preparations beforehand: These claims are false.
Testing breath for the presence of alcohol.
H OH BB
O
96%
Oxidation of a Secondary Alcohol to a Ketone with Aqueous Cr(VI)
Na2Cr2O7, H2SO4, H2O
\u161\ufffd
ðð
In water, primary alcohols tend to overoxidize to carboxylic acids, as shown for 1-propanol. 
The reason is that aldehydes in water are in equilibrium with the corresponding diols, 
derived by addition of water. One of the hydroxy functions of the diol then reacts further 
with the chromium reagent to the carboxylic acid. We shall discuss the hydration of alde-
hydes and ketones in Chapter 17.
B
CH3CH2CH2OH
O
CH3CH2CH
K2Cr2O7,
H2 ,SO4 H2O H
\ufffd
, H2O Overoxidation
Propanal
B
O
CH3CH2COH
Propanoic acid
A
A
OH
OH
CH3CH2CH
1,1-Propanediol
In the absence of water, however, aldehydes are not susceptible to overoxidation. Therefore, 
a water-free form of Cr(VI) has been developed by reaction of CrO3 with HCl, followed 
REACTION
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 C h a p t e r 8 303
by the addition of the organic base pyridine. The result is the oxidizing agent pyridinium 
chlorochromate, abbreviated as pyH1 CrO3Cl
2 or just PCC (margin), which gives excellent 
yields of aldehydes upon exposure to primary alcohols in dichloromethane solvent.
pyH\ufffd , CH2Cl2O3Cr Cl\ufffd
92%
PCC Oxidation of a Primary Alcohol to an Aldehyde
CH3(CH2)8CH2OH CH3(CH2)8CH
B
O
PCC oxidation conditions are often also used with secondary alcohols, because the relatively 
nonacidic reaction conditions minimize side reactions (e.g., carbocation formation; Sec-
tions 7-2, 7-3, and 9-3) and often give better yields than does the aqueous chromate method. 
Tertiary alcohols are unreactive toward oxidation by Cr(VI) because they do not carry 
hydrogens next to the OH function and therefore cannot readily form a carbon \u2013 oxygen 
double bond.
8 - 6 S y n t h e s i s o f A l c o h o l s : O x i d a t i o n \u2013 R e d u c t i o n R e l a t i o n
\ufffd
N
\u161
\u161
\u161
ð
ð
ð
ðð
\ufffdCl
Pyridinium
chlorochromate
(PCC or pyH\ufffdCrO3Cl\ufffd)
Pyridine
(a base)
Pyridinium salt
formation
O3Cr
\ufffd
N
H
HCl
A
O
\ufffd
\ufffdCl CrOON
H
A
B
B
O
O
Exercise 8-11
Formulate the product(s) of each of the following steps. What can you say about stereochemistry?
(a) Na2Cr2O7,
H2SO4, H2O
NaBH4
CH3
OH(
(
cis-4-Methylcyclohexanol
(b) 
O O
1. Excess LiAlH4
2. H2O work-up C7H16O2 (two alcohols)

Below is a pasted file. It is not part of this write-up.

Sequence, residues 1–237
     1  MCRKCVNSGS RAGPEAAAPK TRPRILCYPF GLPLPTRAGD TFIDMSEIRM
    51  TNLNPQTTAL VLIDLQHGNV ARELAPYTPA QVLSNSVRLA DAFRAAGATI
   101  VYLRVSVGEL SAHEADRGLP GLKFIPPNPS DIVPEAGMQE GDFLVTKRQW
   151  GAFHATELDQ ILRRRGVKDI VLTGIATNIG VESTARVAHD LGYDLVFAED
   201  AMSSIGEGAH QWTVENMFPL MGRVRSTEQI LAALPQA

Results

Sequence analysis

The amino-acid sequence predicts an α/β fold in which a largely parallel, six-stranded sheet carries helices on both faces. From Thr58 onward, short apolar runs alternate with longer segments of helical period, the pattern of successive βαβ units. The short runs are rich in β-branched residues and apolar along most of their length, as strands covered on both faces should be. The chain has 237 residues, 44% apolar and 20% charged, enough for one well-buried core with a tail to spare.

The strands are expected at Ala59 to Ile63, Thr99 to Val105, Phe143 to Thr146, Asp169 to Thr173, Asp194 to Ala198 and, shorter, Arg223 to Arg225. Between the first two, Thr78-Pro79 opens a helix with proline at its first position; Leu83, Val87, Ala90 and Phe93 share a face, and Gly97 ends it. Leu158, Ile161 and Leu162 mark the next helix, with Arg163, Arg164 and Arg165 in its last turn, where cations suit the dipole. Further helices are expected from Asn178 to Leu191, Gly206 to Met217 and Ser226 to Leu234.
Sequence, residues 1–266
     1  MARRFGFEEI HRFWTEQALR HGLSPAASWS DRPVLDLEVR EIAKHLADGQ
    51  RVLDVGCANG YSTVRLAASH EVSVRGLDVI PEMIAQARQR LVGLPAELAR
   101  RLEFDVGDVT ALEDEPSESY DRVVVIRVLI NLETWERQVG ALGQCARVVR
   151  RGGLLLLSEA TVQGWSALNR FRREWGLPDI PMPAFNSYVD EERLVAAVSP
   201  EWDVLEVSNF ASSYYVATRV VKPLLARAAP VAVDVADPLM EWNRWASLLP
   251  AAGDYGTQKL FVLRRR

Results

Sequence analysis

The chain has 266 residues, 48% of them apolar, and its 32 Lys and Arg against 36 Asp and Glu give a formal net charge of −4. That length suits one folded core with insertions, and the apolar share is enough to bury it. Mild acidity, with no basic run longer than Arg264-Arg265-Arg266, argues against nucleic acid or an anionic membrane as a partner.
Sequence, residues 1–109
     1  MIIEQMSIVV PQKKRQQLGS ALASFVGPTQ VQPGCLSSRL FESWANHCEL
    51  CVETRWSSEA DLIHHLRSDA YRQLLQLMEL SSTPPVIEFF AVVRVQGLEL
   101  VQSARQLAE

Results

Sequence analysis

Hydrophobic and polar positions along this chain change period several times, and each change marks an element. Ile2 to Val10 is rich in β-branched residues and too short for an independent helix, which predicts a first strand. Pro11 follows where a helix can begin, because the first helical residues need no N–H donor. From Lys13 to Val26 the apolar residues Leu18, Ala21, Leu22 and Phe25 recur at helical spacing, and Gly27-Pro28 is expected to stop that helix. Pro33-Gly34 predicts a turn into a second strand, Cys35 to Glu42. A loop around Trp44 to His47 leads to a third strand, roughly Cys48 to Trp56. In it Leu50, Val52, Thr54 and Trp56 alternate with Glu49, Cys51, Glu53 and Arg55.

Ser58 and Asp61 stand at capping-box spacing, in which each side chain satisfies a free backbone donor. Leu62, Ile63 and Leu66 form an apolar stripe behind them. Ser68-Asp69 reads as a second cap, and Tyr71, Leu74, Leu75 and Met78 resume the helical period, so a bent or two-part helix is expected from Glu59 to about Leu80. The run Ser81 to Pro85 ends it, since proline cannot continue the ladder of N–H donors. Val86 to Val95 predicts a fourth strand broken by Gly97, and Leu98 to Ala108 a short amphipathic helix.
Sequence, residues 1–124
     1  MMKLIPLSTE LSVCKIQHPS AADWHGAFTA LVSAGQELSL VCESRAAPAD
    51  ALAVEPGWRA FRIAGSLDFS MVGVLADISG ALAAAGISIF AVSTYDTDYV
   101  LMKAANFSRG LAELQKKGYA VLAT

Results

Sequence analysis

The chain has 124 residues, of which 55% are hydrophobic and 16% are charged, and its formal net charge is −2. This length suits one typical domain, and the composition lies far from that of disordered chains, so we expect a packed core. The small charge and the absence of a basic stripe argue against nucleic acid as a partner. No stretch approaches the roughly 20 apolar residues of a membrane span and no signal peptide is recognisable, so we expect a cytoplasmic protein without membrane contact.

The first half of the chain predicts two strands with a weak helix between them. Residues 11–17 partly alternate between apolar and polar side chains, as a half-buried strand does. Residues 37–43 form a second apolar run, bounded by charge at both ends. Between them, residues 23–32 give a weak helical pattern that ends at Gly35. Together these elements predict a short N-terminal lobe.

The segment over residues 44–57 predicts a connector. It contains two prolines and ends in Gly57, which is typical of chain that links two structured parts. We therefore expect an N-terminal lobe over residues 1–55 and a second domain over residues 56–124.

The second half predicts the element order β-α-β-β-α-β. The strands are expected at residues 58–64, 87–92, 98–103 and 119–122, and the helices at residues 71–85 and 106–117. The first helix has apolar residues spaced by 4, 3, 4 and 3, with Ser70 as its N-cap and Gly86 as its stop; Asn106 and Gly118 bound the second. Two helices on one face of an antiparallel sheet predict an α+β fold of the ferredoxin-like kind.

(c) 
HO
O
Optically active
Optically inactive
H
H
N
A
\ufffd
CrO3Cl\ufffd
Chromic esters are intermediates in alcohol oxidation
What is the mechanism of the chromium(VI) oxidation of alcohols? The fi rst step is forma-
tion of an intermediate called a chromic ester; the oxidation state of chromium stays 
unchanged in this process.
O O
B
B
RCH2OH RCH2OOHHO
O
Chromic Ester Formation from an Alcohol
O
Chromic acid Chromic ester
Cr(VI) Cr(VI)
B
O
O
O O
B
OH\ufffd H2O\ufffd
The next step in alcohol oxidation is equivalent to an E2 reaction. Here water (or 
pyridine, in the case of PCC) acts as a mild base, removing the proton next to the alcohol 
oxygen. This proton is made unusually acidic by the electron-withdrawing power of the 
Cr(VI) (remember that it wants to become reduced!). HCrO3 is an exceptionally good 
MECHANISM
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304 C h a p t e r 8 H y d r o x y F u n c t i o n a l G r o u p : A l c o h o l s
 leaving group, because the donation of an electron pair to chromium changes its oxidation 
state by two units, yielding Cr(IV).
O O
OHO
A
A
O O P
M
M GD
D
D
H2O
\ufffdO3Cr(IV)H\ufffdH3OR C
H H
R
OC
H
Cr(VI)
\ufffd \ufffd
Aldehyde Formation from a Chromic Ester: an E2 Reaction
In contrast with the kinds of E2 reactions considered so far, this elimination furnishes a 
carbon \u2013 oxygen instead of a carbon \u2013 carbon double bond. The Cr(IV) species formed under-
goes a redox reaction with itself to Cr(III) and Cr(V); the latter may function as an oxidiz-
ing agent independently. Eventually, all Cr(VI) is reduced to Cr(III).
Exercise 8-12
Formulate a synthesis of each of the following carbonyl compounds from the corresponding alcohol.